The Tiniest Dinosaurs on Earth

Oliver DebrabrantUncategorizedLeave a Comment

The Tiniest Dinosaurs on Earth

Unearthed by people, animals, and even weather conditions, there are constant new findings on the beasts of the Mesozoic Era. Researchers never have a dull moment when it comes to hidden dinosaur remains throughout the Earth. For example, for decades the Compsognathus was thought to be the smallest dinosaur that existed, but we later discovered that other species ranked among the tiniest dinosaurs on Earth.

Caenagnathasia

Researchers believe the Caenagnathasia to have been about two feet in length, weighing about three pounds. It’s the smallest known non-avian (non-bird) oviraptor (a feathered, lizard-like dino). This theropod (a three-toed animal) was a carnivore, which we only know from its jaw material, even after the findings of an upper leg and vertebrae.

Microraptor

The Microraptor, whose name translates from Latin to mean “one who seizes,” was a small, four-winged paravian (bird ancestor) that has given us several well-preserved fossils to study in China. This creature ranged in length from two-and-a-half to four feet long and weighed just over two pounds. You can further inspect its physical features by studying Creative Beast Studio’s high-quality dinosaur models.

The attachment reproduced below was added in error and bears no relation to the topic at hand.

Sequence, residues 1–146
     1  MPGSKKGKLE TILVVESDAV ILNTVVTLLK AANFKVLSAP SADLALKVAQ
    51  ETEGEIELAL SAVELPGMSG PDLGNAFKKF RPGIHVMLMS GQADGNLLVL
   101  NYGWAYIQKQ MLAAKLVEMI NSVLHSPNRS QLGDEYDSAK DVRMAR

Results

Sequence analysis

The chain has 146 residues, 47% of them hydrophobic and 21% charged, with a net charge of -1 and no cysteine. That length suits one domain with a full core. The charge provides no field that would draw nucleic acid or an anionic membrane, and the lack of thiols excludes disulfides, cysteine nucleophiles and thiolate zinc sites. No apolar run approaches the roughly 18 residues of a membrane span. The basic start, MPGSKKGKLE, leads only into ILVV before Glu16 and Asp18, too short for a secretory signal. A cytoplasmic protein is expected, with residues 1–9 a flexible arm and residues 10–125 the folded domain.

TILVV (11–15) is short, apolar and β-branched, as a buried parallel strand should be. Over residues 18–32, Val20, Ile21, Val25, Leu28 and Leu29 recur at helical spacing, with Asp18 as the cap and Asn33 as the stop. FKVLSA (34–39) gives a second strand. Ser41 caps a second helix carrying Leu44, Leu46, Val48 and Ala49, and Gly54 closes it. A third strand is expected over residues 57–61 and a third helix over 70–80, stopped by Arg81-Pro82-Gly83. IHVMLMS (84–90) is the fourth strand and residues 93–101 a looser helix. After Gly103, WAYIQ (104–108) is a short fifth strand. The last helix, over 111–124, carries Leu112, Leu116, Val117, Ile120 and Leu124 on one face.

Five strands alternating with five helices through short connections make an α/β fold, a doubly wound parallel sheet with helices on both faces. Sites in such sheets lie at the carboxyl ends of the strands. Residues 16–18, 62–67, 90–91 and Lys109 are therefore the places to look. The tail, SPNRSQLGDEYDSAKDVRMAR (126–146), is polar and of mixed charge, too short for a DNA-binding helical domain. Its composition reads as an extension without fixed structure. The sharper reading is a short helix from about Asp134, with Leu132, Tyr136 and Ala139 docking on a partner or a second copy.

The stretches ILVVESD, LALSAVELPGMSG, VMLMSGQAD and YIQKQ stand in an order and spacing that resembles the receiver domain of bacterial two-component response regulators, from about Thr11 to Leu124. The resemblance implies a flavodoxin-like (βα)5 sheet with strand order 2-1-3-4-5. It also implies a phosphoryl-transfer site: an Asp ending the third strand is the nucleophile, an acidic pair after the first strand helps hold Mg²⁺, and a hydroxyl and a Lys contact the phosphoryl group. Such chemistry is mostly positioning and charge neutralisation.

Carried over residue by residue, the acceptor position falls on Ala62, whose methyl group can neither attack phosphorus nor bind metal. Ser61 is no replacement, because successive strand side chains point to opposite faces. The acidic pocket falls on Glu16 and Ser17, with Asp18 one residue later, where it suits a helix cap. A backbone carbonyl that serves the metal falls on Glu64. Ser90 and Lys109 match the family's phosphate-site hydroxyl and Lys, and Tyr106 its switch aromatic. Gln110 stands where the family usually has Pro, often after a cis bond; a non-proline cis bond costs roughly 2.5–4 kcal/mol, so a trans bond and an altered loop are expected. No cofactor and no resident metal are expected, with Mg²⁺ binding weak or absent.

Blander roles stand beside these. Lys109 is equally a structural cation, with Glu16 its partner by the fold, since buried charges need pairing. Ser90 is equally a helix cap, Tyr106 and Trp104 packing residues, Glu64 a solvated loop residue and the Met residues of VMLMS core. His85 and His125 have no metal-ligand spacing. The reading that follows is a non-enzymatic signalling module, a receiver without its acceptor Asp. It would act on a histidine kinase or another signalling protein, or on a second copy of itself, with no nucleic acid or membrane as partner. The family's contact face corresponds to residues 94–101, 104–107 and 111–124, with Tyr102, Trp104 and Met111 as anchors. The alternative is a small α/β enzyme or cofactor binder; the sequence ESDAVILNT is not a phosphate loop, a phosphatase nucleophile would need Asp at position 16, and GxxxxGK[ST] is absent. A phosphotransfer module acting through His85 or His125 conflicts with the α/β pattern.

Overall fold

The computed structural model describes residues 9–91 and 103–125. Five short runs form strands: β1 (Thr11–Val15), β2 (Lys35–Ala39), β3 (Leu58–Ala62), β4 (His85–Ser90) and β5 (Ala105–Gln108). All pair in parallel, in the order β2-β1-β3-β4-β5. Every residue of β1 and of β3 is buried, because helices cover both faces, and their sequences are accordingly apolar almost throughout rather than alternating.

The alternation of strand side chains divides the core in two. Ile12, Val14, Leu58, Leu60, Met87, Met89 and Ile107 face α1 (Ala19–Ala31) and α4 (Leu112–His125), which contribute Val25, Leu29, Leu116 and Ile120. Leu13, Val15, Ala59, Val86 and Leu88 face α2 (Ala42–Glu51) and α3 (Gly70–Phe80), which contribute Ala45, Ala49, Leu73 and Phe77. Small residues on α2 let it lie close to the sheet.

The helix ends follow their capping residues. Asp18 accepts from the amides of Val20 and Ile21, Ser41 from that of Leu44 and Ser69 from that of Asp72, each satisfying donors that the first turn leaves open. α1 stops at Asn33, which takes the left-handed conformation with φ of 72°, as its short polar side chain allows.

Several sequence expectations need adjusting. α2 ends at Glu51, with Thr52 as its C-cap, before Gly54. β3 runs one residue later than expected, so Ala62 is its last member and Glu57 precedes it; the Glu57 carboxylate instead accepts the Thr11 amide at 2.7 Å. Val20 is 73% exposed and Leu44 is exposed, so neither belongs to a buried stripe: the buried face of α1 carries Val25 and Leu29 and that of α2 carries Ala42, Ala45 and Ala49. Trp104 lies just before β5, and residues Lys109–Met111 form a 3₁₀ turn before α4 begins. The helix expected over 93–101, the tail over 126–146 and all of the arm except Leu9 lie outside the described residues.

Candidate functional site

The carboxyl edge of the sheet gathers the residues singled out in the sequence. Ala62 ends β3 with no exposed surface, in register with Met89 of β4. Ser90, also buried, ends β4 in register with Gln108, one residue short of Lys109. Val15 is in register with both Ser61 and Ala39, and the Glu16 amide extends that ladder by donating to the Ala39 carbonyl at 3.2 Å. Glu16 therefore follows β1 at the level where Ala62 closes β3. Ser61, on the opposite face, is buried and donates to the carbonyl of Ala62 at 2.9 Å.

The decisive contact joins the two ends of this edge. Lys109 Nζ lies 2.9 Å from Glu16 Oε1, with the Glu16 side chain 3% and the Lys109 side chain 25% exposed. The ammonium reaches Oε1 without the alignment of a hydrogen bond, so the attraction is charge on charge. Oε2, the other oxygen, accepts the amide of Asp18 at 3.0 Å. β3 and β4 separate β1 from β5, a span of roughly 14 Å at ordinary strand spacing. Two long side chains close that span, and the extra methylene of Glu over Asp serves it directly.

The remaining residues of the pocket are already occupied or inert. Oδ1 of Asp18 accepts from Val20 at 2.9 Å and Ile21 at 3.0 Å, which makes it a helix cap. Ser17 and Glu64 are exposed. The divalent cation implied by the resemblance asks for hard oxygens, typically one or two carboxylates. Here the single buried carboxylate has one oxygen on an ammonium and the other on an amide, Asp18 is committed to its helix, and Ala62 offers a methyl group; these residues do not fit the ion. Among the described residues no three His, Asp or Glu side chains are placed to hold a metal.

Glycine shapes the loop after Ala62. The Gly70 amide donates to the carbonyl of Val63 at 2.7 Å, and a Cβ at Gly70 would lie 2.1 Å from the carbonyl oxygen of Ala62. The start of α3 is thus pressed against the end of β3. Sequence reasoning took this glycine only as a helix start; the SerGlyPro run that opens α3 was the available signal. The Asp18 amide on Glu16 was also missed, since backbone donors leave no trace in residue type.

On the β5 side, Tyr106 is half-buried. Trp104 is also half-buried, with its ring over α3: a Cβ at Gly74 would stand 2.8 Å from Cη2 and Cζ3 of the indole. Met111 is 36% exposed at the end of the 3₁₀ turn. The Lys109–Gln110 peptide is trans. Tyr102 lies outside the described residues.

Parvicursor

The Parvicursor (meaning “small runner”) is a genus of Maniraptora—advanced theropods, possibly even birds—with fast, slender legs. These creatures were just over a foot in length, and they weighed about a third of a pound. They’re one of the smallest known non-avian dinosaurs.

Oculudentavis

The discovery of the skull of an Oculudentavis (meaning “eye tooth bird”) brought us the smallest dinosaur to ever be found. This bird-like animal would have weighed less than a tenth of an ounce. Its length was less than two inches long. It was discovered in a drop of amber after being preserved for just under one hundred million years. Though this creature was miniscule in size, it had an astounding number of sharp teeth, suggesting it was a predator that most likely fed on small arthropods (insects, spiders, and crustaceans).

It’s astounding how dinosaurs toed the line between reptile and bird. The world was clearly much different in prehistoric times. Taking a look at the tiniest dinosaurs on Earth has to leave you wondering about these pet-size predators lurking about. Even the tiniest of them all fed on prey!

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